A group of about 400 tribal students, on its way to Nashik, was apprehended in Ahmednagar late on Monday evening and sent back to Pune, from where it had begun a over 200-km march last week in protest against the government’s decision to withdraw canteen facilities from tribal hostels.
The students were intercepted in Sangamner, in Ahmednagar district, and transported back to Pune, from where they were sent back to their home districts early Tuesday morning in specially-arranged vehicles.
“We were told the Nashik district police had promulgated prohibitory orders. In view of the orders, the Ahmednagar police refused to allow us to cross the border and detained us,” said student leader Madan Patave.
A police official from Ahmednagar said the students were sent back to maintain law and order, which was already under strain due to the ongoing state-wide strike by dairy farmers. “As per orders received for maintenance of law and order, the students were detained in Sangamner and sent to Pune, from where the march had started,” he said.
The station duty officer at the control room of Shivajinagar police station, where the students were dropped, said arrangements had been made to send the students back to their hometowns. “Over 350 students were brought to Pune city headquarters around 2 am on Tuesday. Vehicles were arranged for the transport of these students to their respective districts. From the police establishments in their areas, they will be dropped to their home towns,” he said.
In April this year, the Tribal Development Department had ordered the suspension of canteen facilities in 490 tribal hostels across the state and announced that students would henceforth be given food allowance, which would be credited into their bank accounts. It had said that students residing in hostels in bigger cities and district headquarters would be entitled to Rs 3,500 per month as food allowance, while those in other areas would get Rs 3,000 per month.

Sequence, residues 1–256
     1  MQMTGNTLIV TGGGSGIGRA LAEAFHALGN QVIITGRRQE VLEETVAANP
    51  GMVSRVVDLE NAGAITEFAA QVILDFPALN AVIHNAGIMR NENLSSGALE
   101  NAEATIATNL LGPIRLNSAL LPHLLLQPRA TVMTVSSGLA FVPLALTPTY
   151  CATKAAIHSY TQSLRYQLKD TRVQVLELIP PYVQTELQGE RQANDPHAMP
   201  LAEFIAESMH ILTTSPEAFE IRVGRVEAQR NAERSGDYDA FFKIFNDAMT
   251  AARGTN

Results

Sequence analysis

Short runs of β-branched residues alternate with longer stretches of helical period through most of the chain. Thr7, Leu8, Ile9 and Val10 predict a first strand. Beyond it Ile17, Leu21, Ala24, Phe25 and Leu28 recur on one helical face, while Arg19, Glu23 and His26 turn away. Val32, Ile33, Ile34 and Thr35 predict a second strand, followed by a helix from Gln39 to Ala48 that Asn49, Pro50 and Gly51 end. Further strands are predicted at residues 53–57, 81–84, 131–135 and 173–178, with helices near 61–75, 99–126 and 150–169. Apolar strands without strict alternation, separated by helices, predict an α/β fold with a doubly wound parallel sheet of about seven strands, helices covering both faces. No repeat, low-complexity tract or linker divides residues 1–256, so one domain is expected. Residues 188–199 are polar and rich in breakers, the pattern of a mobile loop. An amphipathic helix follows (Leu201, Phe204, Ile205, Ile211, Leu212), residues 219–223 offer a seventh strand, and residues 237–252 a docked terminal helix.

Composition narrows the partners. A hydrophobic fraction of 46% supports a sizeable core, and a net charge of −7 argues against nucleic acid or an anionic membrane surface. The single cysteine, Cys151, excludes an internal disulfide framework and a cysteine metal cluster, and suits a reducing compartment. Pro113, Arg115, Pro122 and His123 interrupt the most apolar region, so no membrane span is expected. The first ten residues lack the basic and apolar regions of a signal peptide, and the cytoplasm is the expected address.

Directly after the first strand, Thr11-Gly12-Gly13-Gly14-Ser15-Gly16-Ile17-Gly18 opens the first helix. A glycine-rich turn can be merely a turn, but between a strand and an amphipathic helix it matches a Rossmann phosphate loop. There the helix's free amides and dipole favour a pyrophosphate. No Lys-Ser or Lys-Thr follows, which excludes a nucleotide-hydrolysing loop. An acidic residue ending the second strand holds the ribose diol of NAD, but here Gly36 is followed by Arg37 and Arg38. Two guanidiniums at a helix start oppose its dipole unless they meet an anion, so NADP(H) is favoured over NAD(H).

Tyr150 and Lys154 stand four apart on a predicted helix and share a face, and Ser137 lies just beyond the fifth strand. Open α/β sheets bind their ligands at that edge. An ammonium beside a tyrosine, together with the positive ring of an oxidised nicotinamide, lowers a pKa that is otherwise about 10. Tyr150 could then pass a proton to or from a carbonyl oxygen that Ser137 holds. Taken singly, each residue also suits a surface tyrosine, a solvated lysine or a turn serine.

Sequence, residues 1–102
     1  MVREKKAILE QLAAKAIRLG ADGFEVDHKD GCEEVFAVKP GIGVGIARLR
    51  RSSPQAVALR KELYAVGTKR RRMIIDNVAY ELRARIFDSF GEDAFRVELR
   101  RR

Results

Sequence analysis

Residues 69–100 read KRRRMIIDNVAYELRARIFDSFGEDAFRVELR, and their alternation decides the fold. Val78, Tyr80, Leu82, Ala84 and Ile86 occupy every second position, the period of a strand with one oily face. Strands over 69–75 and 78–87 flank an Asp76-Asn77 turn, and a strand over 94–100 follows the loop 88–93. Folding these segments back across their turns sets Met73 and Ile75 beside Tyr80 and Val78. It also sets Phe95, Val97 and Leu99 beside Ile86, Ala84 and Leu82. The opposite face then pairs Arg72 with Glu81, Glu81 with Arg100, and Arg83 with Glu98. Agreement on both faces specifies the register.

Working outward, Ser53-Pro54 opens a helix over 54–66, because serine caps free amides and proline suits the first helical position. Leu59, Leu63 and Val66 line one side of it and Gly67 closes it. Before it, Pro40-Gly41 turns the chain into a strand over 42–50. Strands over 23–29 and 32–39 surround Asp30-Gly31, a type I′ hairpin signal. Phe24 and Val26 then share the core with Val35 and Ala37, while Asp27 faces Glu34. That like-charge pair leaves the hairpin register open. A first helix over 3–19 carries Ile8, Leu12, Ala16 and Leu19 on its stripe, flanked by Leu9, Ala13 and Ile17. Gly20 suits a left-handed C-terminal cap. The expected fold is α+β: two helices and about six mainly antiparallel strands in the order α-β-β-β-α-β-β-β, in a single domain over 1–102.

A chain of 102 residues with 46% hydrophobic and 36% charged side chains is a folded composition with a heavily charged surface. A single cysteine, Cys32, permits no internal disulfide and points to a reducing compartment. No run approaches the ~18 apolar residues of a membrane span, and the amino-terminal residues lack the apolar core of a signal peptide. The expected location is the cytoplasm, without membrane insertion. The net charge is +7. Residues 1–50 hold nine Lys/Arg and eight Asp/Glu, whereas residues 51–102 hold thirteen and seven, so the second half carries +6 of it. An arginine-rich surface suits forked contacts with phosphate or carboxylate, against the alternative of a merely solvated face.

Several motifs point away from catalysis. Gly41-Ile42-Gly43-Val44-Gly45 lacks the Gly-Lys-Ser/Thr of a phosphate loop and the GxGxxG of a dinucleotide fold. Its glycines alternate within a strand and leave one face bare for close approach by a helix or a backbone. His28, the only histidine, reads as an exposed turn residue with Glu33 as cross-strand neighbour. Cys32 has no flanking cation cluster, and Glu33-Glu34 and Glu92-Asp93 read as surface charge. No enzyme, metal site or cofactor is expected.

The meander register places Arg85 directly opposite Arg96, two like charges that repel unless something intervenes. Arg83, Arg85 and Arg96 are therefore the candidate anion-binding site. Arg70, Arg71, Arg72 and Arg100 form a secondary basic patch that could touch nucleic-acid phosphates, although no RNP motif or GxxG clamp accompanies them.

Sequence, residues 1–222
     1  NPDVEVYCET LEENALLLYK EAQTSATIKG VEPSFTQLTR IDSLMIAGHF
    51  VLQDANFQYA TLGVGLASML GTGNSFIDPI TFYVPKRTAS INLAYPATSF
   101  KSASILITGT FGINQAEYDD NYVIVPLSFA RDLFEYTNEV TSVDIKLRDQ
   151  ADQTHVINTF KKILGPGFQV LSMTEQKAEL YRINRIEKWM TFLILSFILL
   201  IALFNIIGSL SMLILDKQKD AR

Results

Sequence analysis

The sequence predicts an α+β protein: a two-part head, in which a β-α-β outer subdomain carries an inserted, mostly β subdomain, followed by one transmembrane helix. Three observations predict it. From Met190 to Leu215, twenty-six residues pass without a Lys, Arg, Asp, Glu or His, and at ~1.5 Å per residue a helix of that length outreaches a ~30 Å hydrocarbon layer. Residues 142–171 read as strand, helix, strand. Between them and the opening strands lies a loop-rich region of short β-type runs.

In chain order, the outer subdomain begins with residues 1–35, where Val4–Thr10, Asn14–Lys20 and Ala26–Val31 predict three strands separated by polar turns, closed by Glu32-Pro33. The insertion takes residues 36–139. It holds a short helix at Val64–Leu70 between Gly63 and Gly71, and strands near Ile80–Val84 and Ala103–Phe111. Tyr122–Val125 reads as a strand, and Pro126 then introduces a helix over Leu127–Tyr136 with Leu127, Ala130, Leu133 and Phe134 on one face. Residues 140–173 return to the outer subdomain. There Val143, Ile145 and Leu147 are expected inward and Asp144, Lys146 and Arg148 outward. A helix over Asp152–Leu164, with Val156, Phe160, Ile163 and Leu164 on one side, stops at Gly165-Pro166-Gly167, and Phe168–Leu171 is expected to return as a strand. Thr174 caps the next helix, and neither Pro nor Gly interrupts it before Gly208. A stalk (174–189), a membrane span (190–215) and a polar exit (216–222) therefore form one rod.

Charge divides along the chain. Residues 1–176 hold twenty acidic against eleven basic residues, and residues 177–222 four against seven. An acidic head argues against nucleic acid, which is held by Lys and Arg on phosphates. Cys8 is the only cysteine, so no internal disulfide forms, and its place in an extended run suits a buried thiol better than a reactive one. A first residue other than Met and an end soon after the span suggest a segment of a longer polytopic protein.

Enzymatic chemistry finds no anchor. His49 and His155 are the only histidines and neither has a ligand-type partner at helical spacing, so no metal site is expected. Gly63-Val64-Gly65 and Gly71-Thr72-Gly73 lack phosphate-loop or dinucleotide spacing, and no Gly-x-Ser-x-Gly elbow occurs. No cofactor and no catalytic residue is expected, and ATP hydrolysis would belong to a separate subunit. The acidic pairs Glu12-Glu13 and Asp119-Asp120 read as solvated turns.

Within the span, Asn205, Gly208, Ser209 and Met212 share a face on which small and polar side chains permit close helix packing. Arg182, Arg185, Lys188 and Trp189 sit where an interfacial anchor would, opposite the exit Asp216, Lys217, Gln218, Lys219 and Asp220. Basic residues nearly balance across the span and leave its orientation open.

Students had claimed that the amount was not enough to meet their monthly food bills, and demanded restoration of canteen facilities with improved services. Based on information received through the Right to Information Act, The Indian Express had reported that the decision to replace canteens with food allowance had been pushed amidst growing complaints about deteriorating food quality in these canteens and the inability of the department to handle the issue of unauthorised occupants of the hostels.
Last week, the students had embarked on a march to Nashik, the headquarters of the Tribal Development Department, to submit a memorandum in this regard to the tribal commissioner.
Students claimed that the police action against them was pre-planned and designed to scuttle their protests. “We had tried to meet senior officials at Mantralaya (state secretariat), but we were unsuccessful. Our efforts to meet the tribal development minister and the chief minister also were not successful,” said Patave.
However, officials of the Tribal Development Department said seven rounds of meetings had been held with the protesting students, but they had failed to resolve the crisis. Sanjay Meena, additional tribal commissioner, Thane, who was present at these meetings, said the students were not ready to come for a discussion. “Even on Monday, we had met them in Sangamner and asked them to send a delegation to discuss their issues face to face, but they refused,” he said.
On Tuesday, several Opposition MLAs came out in support of the protesting students and raised the matter during the ongoing session of the state assembly in Nagpur. However, government officials claimed that many of the protesting students were unauthorised occupants of these hostels. But Patave refuted this claim. “Students had refused to fill forms during the admission to the hostels as that would have immediately started off the DBT for meals. All of us are bonafide students of the hostels,” he said.
(With inputs by Sushant Kulkarni)